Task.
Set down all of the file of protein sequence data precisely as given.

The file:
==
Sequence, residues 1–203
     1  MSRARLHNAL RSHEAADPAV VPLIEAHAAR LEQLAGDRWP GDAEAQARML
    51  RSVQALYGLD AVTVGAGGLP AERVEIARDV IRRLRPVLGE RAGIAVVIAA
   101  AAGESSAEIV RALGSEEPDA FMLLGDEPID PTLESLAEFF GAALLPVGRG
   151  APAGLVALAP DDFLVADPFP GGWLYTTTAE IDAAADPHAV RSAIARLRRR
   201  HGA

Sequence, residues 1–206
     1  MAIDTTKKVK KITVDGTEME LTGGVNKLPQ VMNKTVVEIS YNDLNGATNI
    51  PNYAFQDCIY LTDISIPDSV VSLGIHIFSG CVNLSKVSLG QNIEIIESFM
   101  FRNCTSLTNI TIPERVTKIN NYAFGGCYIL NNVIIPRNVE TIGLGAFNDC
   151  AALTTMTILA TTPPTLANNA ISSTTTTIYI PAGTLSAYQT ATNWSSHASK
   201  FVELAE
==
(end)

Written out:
Sequence, residues 1–203
     1  MSRARLHNAL RSHEAADPAV VPLIEAHAAR LEQLAGDRWP GDAEAQARML
    51  RSVQALYGLD AVTVGAGGLP AERVEIARDV IRRLRPVLGE RAGIAVVIAA
   101  AAGESSAEIV RALGSEEPDA FMLLGDEPID PTLESLAEFF GAALLPVGRG
   151  APAGLVALAP DDFLVADPFP GGWLYTTTAE IDAAADPHAV RSAIARLRRR
   201  HGA

Sequence, residues 1–206
     1  MAIDTTKKVK KITVDGTEME LTGGVNKLPQ VMNKTVVEIS YNDLNGATNI
    51  PNYAFQDCIY LTDISIPDSV VSLGIHIFSG CVNLSKVSLG QNIEIIESFM
   101  FRNCTSLTNI TIPERVTKIN NYAFGGCYIL NNVIIPRNVE TIGLGAFNDC
   151  AALTTMTILA TTPPTLANNA ISSTTTTIYI PAGTLSAYQT ATNWSSHASK
   201  FVELAE